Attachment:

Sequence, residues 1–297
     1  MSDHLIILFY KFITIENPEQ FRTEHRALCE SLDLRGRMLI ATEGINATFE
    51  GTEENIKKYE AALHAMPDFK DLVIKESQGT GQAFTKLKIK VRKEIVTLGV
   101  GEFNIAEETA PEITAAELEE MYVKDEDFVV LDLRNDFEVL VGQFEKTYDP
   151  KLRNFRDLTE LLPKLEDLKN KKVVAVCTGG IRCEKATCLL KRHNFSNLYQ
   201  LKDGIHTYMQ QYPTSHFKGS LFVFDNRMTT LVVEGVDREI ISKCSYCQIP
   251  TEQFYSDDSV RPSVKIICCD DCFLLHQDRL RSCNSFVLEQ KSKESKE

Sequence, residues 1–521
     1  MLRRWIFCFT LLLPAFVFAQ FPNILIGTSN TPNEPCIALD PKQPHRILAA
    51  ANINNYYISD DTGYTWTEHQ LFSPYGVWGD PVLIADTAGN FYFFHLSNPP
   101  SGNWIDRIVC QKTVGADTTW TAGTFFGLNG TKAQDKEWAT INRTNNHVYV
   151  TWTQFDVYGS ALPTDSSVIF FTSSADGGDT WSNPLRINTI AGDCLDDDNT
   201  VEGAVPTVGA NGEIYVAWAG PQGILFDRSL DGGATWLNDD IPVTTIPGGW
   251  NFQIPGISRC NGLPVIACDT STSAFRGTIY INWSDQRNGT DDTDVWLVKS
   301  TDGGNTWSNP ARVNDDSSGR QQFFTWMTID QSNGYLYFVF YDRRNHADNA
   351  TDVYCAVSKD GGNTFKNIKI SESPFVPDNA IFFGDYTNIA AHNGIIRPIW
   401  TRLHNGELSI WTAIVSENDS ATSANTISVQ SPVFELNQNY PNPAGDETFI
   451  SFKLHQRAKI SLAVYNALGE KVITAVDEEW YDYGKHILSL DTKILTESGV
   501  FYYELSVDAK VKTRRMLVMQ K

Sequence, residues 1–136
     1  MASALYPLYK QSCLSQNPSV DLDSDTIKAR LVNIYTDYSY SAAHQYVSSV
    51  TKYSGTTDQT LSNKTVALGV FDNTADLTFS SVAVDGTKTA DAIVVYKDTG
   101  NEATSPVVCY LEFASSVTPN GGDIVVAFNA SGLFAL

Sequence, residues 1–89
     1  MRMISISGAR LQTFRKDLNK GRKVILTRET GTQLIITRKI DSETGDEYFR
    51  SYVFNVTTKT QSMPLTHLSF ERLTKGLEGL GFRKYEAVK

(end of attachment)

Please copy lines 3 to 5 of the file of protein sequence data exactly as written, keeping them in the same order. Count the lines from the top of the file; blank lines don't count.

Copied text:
    51  GTEENIKKYE AALHAMPDFK DLVIKESQGT GQAFTKLKIK VRKEIVTLGV
   101  GEFNIAEETA PEITAAELEE MYVKDEDFVV LDLRNDFEVL VGQFEKTYDP
   151  KLRNFRDLTE LLPKLEDLKN KKVVAVCTGG IRCEKATCLL KRHNFSNLYQ